DISCLAIMER: CASE RESULTS DEPEND UPON A VARIETY OF FACTORS UNIQUE TO EACH CASE. CASE RESULTS DO NOT GUARANTEE OR PREDICT A SIMILAR RESULT IN ANY FUTURE CASE.
I represented an older couple who had the misfortune of being injured in a automobile collision. My clients, who I will refer to as “Husband and Wife,” had just exited a shopping center parking lot and were traveling down the roadway to meet a family member for lunch. Wife was driving the vehicle. Husband was a front seat passenger. As they approached the next intersection, the defendant, who was fully stopped in the median waiting to make a left turn, illegally entered my clients’ lane causing both vehicles to collide. Both vehicles were significant damaged.
As a result of the collision, Wife suffered soft tissue injuries and Husband tore his right medial meniscus. Wife underwent conservative care including orthopedic treatment and physical therapy for muscle sprains. Husband required complex arthroscopic knee surgery.
There is a restaurant on the corner of the intersection where the collision occurred. The restaurant has multiple surveillance cameras including one facing the intersection. The entire incident was captured on video. After personally reviewing the video it was obvious that liability was clear and adverse against the defendant. The defendant’s insurance company disagreed and denied liability on the grounds that its driver was not liable and that Wife was contributorily negligent for failing to discharge her duty to keep a proper lookout and duty to take reasonable steps to avoid the collision. An injured party’s failure to reasonably exercise these duties is negligence and a complete bar to recovery (i.e., the doctrine of “contributory negligence”). Because the defendant’s insurance company denied liability, I filed suit.
For strategic purposes, I filed a law suit in Wife’s case, not husband’s. I filed in General District Court which paved the way for a quick trial date, minimal discovery and litigation costs, and a ruling on the contributory negligence issue. At the close of the evidence, the judge ruled that 1) the defendant was negligent and such negligence was the sole proximate cause of the collision, and 2) Wife was not contributorily negligent for failing to keep a proper lookout or failing to take reasonable action to avoid the collision. We won.
The Court was compelled by the video evidence. The video showed that Wife had less than 1.5 seconds to react to the defendant’s act of breaching Wife’s lane which created the perilous situation in the first place. Under Va. Code Section 46.2-880 the law presumes that all drivers have an average perception-reaction time of 1.5 seconds (i.e., the time it takes a driver to perceive and react to stimuli), so I argued that there was nothing Wife could have done reasonably under the circumstances to avoid the collision as a matter of law (and biology). This argument one the day. Judgment was entered on the verdict. The insurance company did not appeal the case and the judgment was paid shortly thereafter with interest.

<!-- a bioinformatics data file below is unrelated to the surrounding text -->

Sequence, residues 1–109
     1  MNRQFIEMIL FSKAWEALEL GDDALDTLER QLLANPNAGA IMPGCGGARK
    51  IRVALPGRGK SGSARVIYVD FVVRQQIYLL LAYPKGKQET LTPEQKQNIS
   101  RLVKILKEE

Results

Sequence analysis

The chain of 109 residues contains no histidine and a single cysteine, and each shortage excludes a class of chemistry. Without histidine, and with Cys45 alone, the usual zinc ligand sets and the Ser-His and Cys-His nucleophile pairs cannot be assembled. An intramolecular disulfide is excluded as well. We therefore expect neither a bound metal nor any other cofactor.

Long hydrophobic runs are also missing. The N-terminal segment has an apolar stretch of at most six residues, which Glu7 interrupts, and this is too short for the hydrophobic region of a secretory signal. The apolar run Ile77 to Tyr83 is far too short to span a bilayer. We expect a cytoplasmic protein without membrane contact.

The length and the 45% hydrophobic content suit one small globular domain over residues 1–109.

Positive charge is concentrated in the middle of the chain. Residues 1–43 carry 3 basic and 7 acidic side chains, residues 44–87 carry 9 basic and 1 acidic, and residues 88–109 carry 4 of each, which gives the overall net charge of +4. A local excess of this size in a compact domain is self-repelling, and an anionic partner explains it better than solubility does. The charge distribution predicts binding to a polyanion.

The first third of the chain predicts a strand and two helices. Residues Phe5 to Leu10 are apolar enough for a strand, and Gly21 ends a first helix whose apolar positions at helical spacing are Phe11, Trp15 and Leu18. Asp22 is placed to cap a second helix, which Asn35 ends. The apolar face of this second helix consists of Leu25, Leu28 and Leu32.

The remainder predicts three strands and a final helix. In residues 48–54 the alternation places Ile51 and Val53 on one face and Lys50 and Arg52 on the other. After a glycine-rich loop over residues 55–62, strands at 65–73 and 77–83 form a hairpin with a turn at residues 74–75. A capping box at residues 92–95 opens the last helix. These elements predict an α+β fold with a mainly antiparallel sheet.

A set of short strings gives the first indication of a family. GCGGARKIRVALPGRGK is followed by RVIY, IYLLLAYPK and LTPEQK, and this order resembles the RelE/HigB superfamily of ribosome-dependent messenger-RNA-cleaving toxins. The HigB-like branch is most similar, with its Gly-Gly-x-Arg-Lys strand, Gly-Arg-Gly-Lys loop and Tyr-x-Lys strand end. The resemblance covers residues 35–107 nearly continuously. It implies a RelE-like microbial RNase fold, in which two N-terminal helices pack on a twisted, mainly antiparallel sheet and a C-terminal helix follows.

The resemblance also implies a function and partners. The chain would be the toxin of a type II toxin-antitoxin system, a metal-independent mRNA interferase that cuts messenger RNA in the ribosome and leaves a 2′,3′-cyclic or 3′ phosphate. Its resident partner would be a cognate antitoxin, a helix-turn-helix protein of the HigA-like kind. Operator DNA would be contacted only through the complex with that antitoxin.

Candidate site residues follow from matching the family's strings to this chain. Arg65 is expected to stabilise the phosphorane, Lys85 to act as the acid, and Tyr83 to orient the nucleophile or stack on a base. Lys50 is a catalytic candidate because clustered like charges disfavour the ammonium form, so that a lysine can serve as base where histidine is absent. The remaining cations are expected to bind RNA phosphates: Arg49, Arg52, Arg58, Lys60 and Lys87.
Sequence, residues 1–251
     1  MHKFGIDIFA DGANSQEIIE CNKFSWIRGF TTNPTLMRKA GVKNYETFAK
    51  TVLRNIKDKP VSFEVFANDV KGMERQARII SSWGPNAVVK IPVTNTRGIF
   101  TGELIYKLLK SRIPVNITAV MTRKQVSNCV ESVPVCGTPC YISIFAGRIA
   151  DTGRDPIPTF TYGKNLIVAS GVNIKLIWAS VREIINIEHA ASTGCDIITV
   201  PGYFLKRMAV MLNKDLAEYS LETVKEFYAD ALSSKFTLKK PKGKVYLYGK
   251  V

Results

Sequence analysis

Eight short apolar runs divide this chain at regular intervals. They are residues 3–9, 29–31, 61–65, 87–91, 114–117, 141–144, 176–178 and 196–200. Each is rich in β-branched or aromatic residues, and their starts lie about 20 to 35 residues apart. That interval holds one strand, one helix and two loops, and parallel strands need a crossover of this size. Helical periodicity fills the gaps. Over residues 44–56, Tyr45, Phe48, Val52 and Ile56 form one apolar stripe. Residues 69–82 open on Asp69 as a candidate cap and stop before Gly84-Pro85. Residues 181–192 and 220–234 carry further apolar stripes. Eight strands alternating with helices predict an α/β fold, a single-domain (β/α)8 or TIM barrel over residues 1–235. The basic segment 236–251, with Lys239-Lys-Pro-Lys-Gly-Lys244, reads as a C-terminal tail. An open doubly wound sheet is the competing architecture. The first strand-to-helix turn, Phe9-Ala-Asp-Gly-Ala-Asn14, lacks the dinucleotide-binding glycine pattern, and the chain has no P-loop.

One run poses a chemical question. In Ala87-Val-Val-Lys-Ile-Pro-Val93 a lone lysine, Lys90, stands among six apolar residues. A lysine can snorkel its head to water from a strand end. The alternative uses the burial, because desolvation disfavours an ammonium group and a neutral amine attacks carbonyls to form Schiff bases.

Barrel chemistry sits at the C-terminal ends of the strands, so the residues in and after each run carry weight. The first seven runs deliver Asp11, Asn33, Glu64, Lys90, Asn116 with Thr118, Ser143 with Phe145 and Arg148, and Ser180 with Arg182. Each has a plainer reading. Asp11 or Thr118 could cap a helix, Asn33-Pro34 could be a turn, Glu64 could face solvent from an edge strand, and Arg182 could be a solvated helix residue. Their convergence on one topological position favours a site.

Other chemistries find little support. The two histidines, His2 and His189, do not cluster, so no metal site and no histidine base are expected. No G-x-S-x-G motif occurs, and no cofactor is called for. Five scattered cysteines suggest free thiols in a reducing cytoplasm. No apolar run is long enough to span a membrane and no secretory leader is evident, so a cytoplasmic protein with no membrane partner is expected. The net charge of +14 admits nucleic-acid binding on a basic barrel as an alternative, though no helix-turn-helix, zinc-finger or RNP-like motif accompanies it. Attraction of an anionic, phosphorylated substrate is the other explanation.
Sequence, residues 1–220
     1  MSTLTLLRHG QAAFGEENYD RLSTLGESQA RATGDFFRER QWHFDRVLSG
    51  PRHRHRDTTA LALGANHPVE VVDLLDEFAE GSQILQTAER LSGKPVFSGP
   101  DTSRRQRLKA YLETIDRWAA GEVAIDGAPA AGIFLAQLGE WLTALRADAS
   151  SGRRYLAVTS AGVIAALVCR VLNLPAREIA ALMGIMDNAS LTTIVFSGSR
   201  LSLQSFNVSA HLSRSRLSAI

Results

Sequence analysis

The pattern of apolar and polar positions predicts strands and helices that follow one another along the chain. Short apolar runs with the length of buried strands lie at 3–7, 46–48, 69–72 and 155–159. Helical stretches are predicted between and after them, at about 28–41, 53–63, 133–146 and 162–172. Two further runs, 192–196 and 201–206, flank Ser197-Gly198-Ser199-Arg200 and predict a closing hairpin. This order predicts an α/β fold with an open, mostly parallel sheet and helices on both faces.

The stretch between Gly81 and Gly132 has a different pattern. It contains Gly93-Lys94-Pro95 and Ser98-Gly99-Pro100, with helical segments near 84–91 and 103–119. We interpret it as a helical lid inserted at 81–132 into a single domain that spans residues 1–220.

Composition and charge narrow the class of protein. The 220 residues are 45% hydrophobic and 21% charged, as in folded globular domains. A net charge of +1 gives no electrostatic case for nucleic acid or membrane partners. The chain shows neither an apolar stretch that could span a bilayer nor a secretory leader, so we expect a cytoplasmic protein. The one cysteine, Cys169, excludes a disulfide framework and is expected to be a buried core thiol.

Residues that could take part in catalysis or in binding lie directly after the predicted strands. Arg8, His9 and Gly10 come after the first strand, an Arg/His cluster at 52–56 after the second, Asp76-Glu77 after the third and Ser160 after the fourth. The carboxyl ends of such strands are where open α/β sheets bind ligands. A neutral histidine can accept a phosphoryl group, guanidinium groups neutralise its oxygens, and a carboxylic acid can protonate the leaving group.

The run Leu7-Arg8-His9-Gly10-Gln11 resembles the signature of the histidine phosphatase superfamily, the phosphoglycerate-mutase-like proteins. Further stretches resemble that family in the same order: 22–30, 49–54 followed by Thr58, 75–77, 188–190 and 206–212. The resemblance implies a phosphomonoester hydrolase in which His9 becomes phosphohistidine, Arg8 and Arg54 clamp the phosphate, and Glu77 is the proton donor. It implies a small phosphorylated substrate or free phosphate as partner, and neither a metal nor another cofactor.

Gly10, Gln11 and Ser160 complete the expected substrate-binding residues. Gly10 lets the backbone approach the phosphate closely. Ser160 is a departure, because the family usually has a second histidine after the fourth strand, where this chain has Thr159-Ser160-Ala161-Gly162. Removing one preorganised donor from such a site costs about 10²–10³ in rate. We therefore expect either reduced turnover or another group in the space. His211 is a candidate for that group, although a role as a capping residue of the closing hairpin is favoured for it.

After Wife’s trial, the defendant’s insurance company revoked its denial of Husband’s claim and paid Husband its limits of $25,000. We then pursued an underinsured motorist (“UIM”) claim with Husband’s insurance carrier since the defendant’s $25,000 policy was insufficient to compensate Husband for his harms and losses. Husband’s UIM policy had limits of $100,000, but was entitled to an offset under Virginia law equal to the defendant’s liability limits. Thus, the total amount of available insurance under Husband’s UIM policy was $75,000 ($100,000 – $25,000). The UIM carrier offered all but $5,000 of its applicable policy limits ($70,000) to Husband resulting in a total recovery of $95,000 ($25,000 from defendant + $70,000 from UIM). This was an optimal result under the circumstances considering Husband’s case would have cost significantly more than $5,000 to litigate in circuit court so filing a lawsuit would have only decreased Husband’s compensation.
Winning Wife’s case led to both of my client’s obtaining full and fair compensation for their injuries. As is often true in the world of a trial lawyer, excellence in the small things creates opportunities for success in the big things.
If you or someone you know has been injured in an accident, give me a call at 804-678-8285 for a free consultation.